In 1949, (the future Nobel-laureate) Tjalling Koopmans published a blistering review, "Measurement Without Theory," of the then most detailed (and sophisticated) empirical effort at understanding business cycles. The review prompted a celebrated methodological exchange (about which more some other time) with Rutledge Vining. (Hat-tip to Roger Backhouse for calling my attention to it a few years ago.) Koopmans is widely thought to have won the debate (and, thus, inaugurated the age of econometrics). Koopman's argument draws an inordinate amount on an interpretation of the history of physics (Tycho, Kepler, and Newton), but here I focus on the following claim by Koopmans:
"..a still further objective is included, which extrapolates the idea of explanation: the prediction, within the narrowest attainable limits of error, of the effects of stated hypothetical measures of economic policy on the level and movements of economic variables. However, I feel that such prediction is actually the most important objective of the analysis of economic fluctuations. The criterion of social usefulness of scientific analysis gives us the right to discuss the merits of any particular approach to the problem of economic fluctuation on he basis of the guidance it gives to economic policy, even if such guidance were not claimed by the authors" [A.F. Burns and W. C. Mitchell--ES]. (T. Koopmans, 1949, “Measurement Without Theory,” 167)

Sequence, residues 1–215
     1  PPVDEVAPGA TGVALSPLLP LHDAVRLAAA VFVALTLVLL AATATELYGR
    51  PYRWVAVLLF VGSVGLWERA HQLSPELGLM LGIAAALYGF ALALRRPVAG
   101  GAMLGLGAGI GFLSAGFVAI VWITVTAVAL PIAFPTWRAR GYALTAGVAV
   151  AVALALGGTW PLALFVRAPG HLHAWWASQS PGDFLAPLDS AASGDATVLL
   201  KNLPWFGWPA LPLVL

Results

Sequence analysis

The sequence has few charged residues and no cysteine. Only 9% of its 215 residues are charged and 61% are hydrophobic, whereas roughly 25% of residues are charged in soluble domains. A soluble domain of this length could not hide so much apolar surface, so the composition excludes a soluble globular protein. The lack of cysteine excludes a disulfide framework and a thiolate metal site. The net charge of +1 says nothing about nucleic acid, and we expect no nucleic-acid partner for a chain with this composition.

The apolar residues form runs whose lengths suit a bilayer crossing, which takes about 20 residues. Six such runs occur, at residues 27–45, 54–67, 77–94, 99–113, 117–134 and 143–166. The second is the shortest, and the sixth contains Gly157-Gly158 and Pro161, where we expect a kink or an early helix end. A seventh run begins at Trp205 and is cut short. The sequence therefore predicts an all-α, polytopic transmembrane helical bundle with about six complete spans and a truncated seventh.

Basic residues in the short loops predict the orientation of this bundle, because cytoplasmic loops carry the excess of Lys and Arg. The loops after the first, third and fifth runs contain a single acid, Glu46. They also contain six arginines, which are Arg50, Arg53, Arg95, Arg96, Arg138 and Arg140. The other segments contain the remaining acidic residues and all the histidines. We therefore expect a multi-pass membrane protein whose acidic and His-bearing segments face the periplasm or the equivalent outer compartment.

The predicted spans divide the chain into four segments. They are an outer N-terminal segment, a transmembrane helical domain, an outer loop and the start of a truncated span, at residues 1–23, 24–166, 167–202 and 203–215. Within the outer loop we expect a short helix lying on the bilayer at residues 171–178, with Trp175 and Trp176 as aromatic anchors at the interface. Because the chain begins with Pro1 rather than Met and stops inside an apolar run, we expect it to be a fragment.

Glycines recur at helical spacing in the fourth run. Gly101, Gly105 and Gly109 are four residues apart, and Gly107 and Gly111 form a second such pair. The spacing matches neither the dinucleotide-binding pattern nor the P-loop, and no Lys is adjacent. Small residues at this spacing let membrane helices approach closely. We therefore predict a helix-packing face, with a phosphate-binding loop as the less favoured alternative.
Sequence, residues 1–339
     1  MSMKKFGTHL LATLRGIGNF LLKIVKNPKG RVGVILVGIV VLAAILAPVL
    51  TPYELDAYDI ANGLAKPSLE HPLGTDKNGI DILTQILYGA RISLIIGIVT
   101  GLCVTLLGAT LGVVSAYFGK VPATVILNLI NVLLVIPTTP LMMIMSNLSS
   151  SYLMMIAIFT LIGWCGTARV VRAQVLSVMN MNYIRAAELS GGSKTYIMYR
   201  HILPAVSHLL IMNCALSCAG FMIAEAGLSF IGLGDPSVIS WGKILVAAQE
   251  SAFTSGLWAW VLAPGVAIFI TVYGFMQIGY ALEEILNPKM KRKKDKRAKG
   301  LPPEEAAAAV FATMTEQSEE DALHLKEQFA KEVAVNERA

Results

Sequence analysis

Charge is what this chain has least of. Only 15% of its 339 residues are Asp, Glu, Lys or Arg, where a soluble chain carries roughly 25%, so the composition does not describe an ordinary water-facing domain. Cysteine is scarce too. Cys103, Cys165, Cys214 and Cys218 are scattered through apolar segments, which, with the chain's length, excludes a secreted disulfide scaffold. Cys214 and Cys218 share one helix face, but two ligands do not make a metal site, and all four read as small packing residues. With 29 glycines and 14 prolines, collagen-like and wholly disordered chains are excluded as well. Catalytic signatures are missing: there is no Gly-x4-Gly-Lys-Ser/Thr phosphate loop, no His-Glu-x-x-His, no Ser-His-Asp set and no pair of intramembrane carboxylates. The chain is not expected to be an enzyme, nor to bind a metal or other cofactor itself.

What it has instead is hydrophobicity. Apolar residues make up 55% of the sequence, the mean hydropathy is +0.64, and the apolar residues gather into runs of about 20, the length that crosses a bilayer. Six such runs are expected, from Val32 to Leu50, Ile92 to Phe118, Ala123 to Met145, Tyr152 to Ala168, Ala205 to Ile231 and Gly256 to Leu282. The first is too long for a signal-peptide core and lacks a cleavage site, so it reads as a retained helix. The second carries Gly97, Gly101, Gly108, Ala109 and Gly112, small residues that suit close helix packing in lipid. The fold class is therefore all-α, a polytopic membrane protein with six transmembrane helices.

In context, Koopmans is making a number of points:
- He is attacking an empirical approach that investigates aggregate, economic phenomena without reducing these to (what we would now call) micro-foundations. This is non-trivial because it not-so-subtly pushes economic research away from understanding complex systemic phenomena on their own terms.
- Koopmans is defending a notion of economic explanation that incorporates policy impact as an essential feature of one's evaluation of the merits of explanation. This is non-trivial because it subtly pushes the notion of economic explanation away from topics that are unrelated to policy interventions.
- This second point leads us to the most significant aspect of Koopmans' position: the elevation of the criterion of social usefulness.
The mathematical econometric techniques and tools – and more generally inferential technologies that produce univocal and stable figures in calculating the implications of policy alternatives – were promoted within economics and, of course, to policymakers, in part because they would make economists attractive as policy experts (as opposed to say, sociologists, lawyers, anthropologists, and historians). (Recall my treatment on the Alchian move.) To do so Koopmans had to displace a very different vision for economics, one that focused primarily on understanding long-range economic phenomena. Economics has been hugely successful in becoming the indispensable policy science, but it is by no means clear that now, more than a half century later, we really understand long-run economic phenomena much better than the great economists of the eighteenth and nineteenth centuries.